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Thursday, July 28, 2016
Speculator, NY ,

The old ambulance is on the left and the new one on the right. (Photo/Cristine Meixner)

EMT Randy La Varnway applies decals to the outside of the new ambulance. He is also superintendent of highways for the Town of Lake Pleasant, and arranged for the two ambulances to be parked in the highway department's new garage to make the transfer easier. (Photo/Kara Aird)

Ambulance corps volunteers (from left) Dick Mayers, driver Dan Burgess, Randy La Varnway, Captain Phil Mulleedy, Marty Shean, Kara Aird and Lt. Janice Rajca were among those who helped ready the new ambulance. (Photo/Cristine Meixner)


New rig hits the road

Monday, May 05, 2014 - Updated: 9:43 PM



SPECULATOR -- Speculator Volunteer Ambulance Corps' new ambulance responded to its first call April 13.

It arrived April 9 and was put into service April 12 after several days of preparation. Everything had to be moved from one ambulance to the other: literally hundreds of items from large, such as the gurney, to small, right down to alcohol wipes.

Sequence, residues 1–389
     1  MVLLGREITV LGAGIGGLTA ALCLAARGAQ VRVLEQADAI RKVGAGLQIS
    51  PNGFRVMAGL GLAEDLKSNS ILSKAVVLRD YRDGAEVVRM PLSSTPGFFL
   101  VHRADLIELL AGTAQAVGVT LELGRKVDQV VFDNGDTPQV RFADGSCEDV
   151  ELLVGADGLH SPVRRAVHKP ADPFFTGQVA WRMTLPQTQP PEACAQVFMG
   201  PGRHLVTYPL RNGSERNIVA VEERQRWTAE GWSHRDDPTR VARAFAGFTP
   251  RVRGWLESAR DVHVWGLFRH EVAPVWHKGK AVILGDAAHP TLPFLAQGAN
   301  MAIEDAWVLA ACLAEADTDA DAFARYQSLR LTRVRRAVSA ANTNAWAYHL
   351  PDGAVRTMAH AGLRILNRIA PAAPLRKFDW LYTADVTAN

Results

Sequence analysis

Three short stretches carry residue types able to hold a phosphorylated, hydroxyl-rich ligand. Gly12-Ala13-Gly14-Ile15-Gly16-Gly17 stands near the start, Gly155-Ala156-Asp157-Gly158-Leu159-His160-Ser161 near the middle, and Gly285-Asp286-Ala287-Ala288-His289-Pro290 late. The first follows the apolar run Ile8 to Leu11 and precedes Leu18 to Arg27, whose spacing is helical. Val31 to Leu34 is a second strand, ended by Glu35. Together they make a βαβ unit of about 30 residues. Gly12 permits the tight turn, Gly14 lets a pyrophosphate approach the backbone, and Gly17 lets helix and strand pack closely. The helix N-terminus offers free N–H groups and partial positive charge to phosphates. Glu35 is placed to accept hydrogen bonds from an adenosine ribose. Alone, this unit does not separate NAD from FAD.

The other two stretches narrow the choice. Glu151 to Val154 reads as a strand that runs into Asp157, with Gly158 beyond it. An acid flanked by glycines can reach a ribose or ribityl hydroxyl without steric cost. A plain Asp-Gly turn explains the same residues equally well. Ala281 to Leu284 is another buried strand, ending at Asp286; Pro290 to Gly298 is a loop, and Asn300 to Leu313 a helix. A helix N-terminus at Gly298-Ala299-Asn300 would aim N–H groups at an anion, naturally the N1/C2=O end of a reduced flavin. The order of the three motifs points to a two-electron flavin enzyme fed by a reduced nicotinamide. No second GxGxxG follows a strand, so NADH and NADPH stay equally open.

The radio had to be removed and reinstalled; equipment such as oxygen tanks, heart monitor / defibrillator, pulse oximeter and suction machines moved in and hooked up; doors, a myriad of drawers and bins labeled with their contents; decals applied and more. It's a big job.

The new ambulance was ordered from LifeLine Emergency Vehicles in Sumner, Iowa. It is built on a 2014 Chevrolet chassis and features state-of-the-art electronics and power train.

"We have been in the habit of replacing our vehicle about every eight years," SVAC Captain Phil Mulleedy says. "SVAC felt it necessary to acquire a new vehicle in 2014, in order to ensure reliable, trouble free service.

"Our previous ambulance was built on a 2006 Ford chassis, had over 93,000 miles of service and was beginning to need special attention.

"Large commercial ambulance services have multiple vehicles and in-house repair service. Since this is not the case with us, it is important for SVAC to take every reasonable step to ensure reliable, uninterrupted service."

The ambulance was paid for entirely by donations. The corps does not receive any tax money.


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